Amy – I love LinkedIn, and you could get a ton of business and referrals through mining the LinkedIn Answers. I know it! Let me know how it goes.

      Marcia – You are so sweet. Thanks…it is exciting to be someone’s Social Media Guru. Kristen Lamb is mine (as I’m sure you’ve noticed) – she’d be delighted to know I’m paying that forward. You and I met on LinkedIn, so it MUST rock, huh?

      Thanks for commenting, Ladies!


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  3. Shellie Sakai says:

    This sounds great! But, in need of more caffiene before I even attempt this! LOL!


  4. I’ve had a LinkedIn account for two years but never saw much use for it beyond my freelance writing work. Obviously, I haven’t explored it very well. Thanks for the wonderful tips.


    • Jenny Hansen says:


      I’ve met some wonderful writing friends on LinkedIn…I think you’ll really like it when yoou get to exploring. Tuesdays are Techie days here at More Cowbell and I definitely have more LinkedIn posts planned. I hope to see you back soon!

      Note: Your comment entered you into the Let’s Meet Up (for Training)! Contest. Are you voting for LinkedIn for the webinar, or a different technology?


  5. Jodi says:

    I have been curious about social media as a writer, but have been too shy to try, My husband started my blog for me in January and I am adjusting to it. So, I figure, that means it is time for a new “new thing”.
    I am very new to writing though and have zero connections to start with. Is it still something worth pursuing or should I wait until I am … I don’t know … something else?
    Honestly though, how do you find time for all that when you are trying to scrape together time for writing as well? What sort of time frame do people allot for these kinds of things?
    I look forward to your other posts on social media and linkedin.


    • Jenny Hansen says:


      I think a lot of us get paralyzed by trying to do EVERY thing, rather than just starting with one thing. It is the very hardest part for me about being a writer, besided the actual organization work.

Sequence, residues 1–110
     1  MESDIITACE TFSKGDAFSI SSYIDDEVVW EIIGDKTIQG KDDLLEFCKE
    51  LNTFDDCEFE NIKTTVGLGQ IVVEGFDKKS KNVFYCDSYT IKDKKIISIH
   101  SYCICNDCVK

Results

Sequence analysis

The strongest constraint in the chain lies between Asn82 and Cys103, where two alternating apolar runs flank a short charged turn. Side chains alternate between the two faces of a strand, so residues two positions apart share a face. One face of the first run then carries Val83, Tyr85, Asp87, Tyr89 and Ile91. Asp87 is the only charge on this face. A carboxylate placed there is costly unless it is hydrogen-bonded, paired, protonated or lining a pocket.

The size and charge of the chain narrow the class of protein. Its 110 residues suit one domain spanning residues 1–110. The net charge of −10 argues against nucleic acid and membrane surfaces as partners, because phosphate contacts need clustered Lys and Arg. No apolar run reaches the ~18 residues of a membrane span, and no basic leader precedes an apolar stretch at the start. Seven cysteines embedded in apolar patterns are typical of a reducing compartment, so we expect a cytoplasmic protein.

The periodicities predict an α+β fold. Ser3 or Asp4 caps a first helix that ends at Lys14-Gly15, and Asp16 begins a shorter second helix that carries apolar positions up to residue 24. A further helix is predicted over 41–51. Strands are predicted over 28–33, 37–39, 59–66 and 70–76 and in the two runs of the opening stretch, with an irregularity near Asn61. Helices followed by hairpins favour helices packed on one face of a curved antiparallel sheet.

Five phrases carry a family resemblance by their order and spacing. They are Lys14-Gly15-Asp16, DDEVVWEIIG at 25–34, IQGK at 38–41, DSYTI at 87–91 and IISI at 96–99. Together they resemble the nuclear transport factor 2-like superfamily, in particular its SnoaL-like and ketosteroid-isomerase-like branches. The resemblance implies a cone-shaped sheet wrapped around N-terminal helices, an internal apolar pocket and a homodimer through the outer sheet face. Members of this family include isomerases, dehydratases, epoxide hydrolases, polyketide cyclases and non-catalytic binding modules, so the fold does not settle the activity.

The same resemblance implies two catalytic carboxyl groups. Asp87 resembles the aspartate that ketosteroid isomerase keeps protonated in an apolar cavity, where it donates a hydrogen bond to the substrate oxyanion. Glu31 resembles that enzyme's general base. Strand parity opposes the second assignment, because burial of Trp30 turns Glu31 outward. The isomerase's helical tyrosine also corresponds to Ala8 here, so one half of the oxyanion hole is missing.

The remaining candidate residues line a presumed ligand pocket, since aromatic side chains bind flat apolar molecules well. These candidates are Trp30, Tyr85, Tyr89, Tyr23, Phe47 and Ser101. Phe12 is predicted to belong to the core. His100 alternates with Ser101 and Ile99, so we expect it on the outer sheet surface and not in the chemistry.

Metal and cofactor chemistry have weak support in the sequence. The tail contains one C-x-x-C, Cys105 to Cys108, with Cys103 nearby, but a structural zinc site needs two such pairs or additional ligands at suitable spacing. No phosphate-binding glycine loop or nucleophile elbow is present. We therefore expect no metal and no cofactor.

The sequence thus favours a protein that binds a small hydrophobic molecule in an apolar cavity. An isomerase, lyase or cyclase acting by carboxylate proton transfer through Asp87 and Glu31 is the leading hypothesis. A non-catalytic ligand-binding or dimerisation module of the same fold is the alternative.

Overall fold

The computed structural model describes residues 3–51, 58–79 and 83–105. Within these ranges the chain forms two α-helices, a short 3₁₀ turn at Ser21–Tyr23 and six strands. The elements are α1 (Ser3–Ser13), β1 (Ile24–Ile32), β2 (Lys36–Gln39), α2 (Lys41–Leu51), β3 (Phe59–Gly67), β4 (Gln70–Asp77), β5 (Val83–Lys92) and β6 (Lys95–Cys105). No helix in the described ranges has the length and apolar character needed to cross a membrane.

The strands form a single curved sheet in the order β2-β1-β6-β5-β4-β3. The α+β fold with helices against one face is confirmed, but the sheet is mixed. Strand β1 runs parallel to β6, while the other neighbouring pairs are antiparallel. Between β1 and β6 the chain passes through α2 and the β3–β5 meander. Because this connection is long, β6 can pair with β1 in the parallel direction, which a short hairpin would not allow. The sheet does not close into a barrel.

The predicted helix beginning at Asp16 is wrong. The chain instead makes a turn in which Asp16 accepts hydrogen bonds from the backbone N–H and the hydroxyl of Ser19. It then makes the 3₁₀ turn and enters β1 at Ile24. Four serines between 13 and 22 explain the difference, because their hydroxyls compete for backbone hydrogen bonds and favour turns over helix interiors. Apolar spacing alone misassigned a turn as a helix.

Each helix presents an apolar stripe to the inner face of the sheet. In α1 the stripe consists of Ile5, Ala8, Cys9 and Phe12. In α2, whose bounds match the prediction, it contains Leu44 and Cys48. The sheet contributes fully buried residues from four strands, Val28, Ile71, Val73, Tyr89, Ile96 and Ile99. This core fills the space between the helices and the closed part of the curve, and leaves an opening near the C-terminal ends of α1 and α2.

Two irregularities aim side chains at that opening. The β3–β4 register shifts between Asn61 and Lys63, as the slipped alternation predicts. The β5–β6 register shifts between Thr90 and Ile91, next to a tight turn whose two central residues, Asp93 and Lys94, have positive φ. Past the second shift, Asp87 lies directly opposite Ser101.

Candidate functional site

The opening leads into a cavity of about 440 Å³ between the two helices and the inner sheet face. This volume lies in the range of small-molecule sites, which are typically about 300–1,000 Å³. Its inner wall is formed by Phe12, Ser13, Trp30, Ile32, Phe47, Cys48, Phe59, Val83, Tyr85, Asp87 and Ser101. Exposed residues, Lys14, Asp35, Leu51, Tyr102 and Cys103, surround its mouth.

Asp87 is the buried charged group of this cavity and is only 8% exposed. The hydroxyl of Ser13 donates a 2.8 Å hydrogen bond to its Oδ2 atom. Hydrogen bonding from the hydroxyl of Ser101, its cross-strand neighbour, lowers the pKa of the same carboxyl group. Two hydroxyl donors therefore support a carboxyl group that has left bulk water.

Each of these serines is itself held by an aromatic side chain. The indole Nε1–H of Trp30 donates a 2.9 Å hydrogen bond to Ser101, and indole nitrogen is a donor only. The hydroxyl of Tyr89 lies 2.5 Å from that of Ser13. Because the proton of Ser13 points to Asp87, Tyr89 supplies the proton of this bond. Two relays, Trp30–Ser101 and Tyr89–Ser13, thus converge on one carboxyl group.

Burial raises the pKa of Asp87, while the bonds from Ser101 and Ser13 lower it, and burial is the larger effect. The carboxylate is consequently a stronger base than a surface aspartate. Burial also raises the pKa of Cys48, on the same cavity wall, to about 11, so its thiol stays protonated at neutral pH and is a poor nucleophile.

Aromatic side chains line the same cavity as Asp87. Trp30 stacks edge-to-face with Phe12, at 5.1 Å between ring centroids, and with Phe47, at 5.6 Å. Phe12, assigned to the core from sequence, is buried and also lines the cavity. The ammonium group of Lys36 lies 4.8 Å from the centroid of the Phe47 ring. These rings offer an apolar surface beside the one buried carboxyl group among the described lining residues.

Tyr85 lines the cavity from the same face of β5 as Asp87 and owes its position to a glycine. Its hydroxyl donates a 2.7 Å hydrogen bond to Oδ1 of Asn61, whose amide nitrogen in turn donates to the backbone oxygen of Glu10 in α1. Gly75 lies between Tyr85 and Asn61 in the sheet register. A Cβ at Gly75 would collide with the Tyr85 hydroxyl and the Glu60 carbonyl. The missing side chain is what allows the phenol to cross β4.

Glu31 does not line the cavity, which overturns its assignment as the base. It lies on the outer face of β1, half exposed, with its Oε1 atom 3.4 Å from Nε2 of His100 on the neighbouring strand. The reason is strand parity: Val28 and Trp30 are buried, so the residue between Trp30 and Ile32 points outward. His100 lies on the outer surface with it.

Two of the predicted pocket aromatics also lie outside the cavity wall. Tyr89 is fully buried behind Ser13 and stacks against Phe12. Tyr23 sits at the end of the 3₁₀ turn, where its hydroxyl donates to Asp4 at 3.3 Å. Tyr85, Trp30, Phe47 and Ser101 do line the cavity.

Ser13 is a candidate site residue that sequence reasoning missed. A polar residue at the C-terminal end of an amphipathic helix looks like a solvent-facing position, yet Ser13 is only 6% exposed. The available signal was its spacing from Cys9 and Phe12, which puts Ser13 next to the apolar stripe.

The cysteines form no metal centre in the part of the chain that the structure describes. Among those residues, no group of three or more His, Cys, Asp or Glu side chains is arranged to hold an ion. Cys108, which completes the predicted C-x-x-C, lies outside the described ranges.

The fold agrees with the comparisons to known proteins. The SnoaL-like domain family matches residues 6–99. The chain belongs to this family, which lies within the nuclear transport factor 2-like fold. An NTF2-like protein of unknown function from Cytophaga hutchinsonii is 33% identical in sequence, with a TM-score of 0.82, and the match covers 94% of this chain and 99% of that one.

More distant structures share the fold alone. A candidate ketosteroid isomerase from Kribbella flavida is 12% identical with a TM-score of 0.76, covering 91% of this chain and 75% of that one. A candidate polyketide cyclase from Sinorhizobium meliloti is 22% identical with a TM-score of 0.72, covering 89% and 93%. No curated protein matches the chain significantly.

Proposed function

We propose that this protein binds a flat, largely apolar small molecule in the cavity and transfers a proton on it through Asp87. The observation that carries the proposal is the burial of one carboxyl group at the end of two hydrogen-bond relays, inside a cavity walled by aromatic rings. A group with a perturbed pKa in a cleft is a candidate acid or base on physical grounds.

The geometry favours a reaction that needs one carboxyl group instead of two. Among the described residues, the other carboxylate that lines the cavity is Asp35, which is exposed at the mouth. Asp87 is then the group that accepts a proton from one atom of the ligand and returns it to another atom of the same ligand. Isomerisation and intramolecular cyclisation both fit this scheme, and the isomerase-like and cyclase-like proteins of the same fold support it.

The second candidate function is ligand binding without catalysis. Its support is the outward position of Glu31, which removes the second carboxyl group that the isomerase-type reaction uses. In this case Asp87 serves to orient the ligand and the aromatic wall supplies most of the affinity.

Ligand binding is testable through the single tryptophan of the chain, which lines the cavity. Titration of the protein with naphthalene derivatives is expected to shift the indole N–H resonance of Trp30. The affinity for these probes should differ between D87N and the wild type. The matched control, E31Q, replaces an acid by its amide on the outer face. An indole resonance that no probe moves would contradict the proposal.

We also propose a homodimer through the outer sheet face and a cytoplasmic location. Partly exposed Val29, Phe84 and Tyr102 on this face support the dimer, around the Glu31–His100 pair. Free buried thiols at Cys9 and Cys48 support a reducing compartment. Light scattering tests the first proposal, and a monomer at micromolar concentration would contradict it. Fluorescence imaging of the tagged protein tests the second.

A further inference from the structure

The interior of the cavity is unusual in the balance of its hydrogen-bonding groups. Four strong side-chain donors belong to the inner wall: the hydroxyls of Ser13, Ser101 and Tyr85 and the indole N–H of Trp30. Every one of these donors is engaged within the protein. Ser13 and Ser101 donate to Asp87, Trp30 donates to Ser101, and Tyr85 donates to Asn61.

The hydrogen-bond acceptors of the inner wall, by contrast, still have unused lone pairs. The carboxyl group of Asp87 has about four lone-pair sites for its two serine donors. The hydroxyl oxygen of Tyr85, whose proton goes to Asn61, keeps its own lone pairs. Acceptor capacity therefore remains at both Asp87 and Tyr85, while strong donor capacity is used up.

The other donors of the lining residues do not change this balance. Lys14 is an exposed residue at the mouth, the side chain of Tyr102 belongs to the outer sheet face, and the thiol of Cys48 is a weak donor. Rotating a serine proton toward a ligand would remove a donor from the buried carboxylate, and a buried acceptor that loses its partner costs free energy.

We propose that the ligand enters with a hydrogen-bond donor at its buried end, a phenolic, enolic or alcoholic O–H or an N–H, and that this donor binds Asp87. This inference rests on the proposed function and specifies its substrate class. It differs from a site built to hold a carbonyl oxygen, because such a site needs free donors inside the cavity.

My advice is to always, always do just one thing even if that’s all you do that week.

      – Write one blog, one scene or one story.
      – Set up Twitter and Tweet Deck and follow one writer search (like #writing).
      – Get on LinkedIn and look around. Set your profile up the next week.

      If you take the pressure off, your one thing will be very rewarding. If you look through the site, you’ll see blogs on getting set up on Twitter and on the Writing Journey that might be helpful.

      As far as things go for me, I made a conscious decision this year to put my writing on the front burner. I knew if I didn’t MAKE the time and prioritize it that all the other important jobs – wife, mother, trainer – would quickly overshadow it. I committed to five hours a week. To accomplish this, I completely gave up television and I sleep about five hours less. In return, I’ve discovered a new world of friends on Twitter, taken two writing classes and set up this blog. It fills a space in me that was gaping so the sacrifice was worth it for me.

      You’re going to find out what you can give up and what you can’t in your own life. It’s a very personal journey you are embarking on and I hope you don’t wait for it. The easiest way is to combine as many things as you can. I also recommend you follow Kristen Lamb’s blog and purchase her book on Social Media for Writers, “We Are Not Alone.” It helps.

      Good luck! Please check back in and let us know how you’re doing.


  6. Thanks Jenny, for opening my eyes to another possibility, and for reminding me to keep my steps manageable. I’m sure I’ll be back!


    • Jenny Hansen says:

      Thanks for stopping in, Joanna! We hope to see you back. 🙂

      In the meantime, I threw your name in the hat for the June webinar because you commented.


  7. Adam Hughes says:

    I just discovered this post through a link on Kristen Lamb’s blog, and you may have inspired me to beef up my LinkedIn presence a bit. By the way, your links to “Chart of the Day” and “business options” both resolve to the LinkedIn monthly services chart. I think this is probably the chart that you reference:

    Thanks for the information!


    • Jenny Hansen says:

      Bless you for the link, Adam. I probably accidentally used the link for that day instead of hard linking – I appreciate the catch!

      I hope you do beef up your LinkedIn presence – the more writers there are over there, the more it’s going to rock. 🙂